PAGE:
My nine year old son recently wrote a story about Bill, and one of his sentences reads, "Bill and my dad talked about tools a lot." And usually after a visit with Bill, my wife would complain that all the talk about axes was a little tedious for her.
It's true; Bill and I did talk about tools an awful lot, we never tired of it.
This blog entry is a glimpse into one area of those conversations.
Bill had a particularly keen interest in what he called "Nomadic tools".
He made a distinction between them and "Bench" tools.
Bench tools, such as a smoothing plane or a chisel, are ones which require the use of a bench or a vise.
Examples of some Nomadic tools would be the axe, adze or knife.
The most obvious thing about a nomadic tool is that it is portable and doesn't require the use of a wood shop.
Nomadic peoples work(ed) wood with simple tools, using their bodies or another prop as the "bench".
These journeys and his encounters with the people there kept his interest in simplicity and nomadic tools very fresh.
I think the simplicity and elegance of it really appealed to him.
He often experimented with a single tool in order to see how many different ways he could use it and how many different things he could make with it.
His practical examinations of nomadic techniques gave him a deeper insight into alternative ways of working with wood, which was a huge source of inspiration for his own aesthetic and design.
A scorp which Bill found while traveling in Sweden.
He was cutting the back slats of the chair with his straight knife (the knife he always carried in his front pocket).
I offered him a spoke shave and a block plane, thinking he might find them more efficient.
But he declined, saying, "No thanks. Using Bench tools ties me to that work bench and I'd rather not be tied to a bench."
I've built my house almost entirely with hand tools, and I've occasionally been teased about choosing to use hand tools over power tools. (People seem to feel impatient when I cut a beam with a handsaw).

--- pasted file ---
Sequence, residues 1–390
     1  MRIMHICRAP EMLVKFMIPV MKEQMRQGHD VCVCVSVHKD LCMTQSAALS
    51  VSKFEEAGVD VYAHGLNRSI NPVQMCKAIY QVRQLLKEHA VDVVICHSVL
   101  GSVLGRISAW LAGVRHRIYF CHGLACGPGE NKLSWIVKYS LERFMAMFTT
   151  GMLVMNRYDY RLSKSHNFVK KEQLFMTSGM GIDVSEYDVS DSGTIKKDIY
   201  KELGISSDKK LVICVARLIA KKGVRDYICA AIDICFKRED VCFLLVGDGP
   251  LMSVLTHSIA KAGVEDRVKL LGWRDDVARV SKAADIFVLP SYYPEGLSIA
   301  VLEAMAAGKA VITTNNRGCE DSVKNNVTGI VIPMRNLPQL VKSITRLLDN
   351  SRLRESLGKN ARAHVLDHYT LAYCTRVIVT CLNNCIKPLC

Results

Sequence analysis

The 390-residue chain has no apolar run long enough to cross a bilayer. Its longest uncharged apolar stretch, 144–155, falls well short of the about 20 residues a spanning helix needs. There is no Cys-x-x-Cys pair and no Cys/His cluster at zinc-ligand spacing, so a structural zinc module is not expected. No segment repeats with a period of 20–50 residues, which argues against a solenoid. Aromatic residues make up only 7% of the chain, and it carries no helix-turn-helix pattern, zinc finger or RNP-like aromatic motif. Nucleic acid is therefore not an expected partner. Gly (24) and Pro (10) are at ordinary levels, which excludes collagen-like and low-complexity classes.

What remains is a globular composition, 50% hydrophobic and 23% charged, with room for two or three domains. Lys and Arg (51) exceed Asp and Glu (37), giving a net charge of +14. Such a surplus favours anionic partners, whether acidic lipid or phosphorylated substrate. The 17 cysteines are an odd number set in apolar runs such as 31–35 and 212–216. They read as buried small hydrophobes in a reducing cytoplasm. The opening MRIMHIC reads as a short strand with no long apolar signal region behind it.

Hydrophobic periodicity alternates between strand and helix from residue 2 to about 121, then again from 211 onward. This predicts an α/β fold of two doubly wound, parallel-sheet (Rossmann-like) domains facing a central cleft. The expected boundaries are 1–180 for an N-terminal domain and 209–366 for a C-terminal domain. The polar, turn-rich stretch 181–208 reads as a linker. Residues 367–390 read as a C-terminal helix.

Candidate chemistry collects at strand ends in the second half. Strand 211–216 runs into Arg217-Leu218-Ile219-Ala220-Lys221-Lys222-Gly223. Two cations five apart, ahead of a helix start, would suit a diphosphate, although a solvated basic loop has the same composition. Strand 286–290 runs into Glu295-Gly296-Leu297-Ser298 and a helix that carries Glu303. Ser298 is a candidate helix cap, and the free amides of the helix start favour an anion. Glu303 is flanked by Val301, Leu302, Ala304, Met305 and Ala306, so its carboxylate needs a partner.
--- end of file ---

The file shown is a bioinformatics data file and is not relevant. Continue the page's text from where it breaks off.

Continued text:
But there was Bill, choosing to use his knife over a Bench tool, and I appreciated his reasons for it.
For example, he made only round, rather shallow bowls (more like plates) because they were easier to make with the Nomadic process and tools he used.
This past fall, he shaped one using only a compass plane, which I had helped him make by modifying an antique wooden block plane to have a slightly rounded sole.
Using this plane, he said it took him a couple of hours to shape the hollow of the bowl.
He was really excited to have carved the whole inside of the bowl with just the one tool.
A hook knife with toggle.
He would hold the toggle in one hand and the other hand could steer the handle of the knife.
If he secured his bowl blank, he found that he could use both hands to pull the toggled hook knife, giving him a great deal more leverage to remove wood.
This was another technique where he could shape the inside and much of the outside of a bowl with a single, very simple tool.
I have noticed that many people interested in making things for themselves are put off by the task and high cost of organizing tools and a workshop.
Bill reasoned that more people could be encouraged to do handwork if they were introduced to a Nomadic style of woodworking, for the simplicity of Nomadic tools offers an ideal format for anyone with limited space and money for tools.
I still wrestle with giving up some of my expectations around working quickly and efficiently; often things would be easier and quicker with a bench and/or power tool.
Many of our modern and traditional woodworking techniques have been passed down from production woodworkers, so they usually require the bench and often electricity.
But using Nomadic techniques isn't so much about getting it done quickly, instead it's a search for simplicity where the usual priority of efficiency must take a back seat.
I have found an abundance of creativity when I restrict myself to a Nomadic style, which more than compensates me for the extra time and effort spent.
Bill had a collection of chisels, block planes and spokeshaves in his workshop at Dickinson's Reach, but they were always rusty and dull when I reached to use one.
When I asked him about them he told me he just wasn't interested in using them anymore.
His knife, though, was always sharp, and always in that front pocket.
He used it daily.
Here's Bill, using his knife to work on the chair back slats in 2011.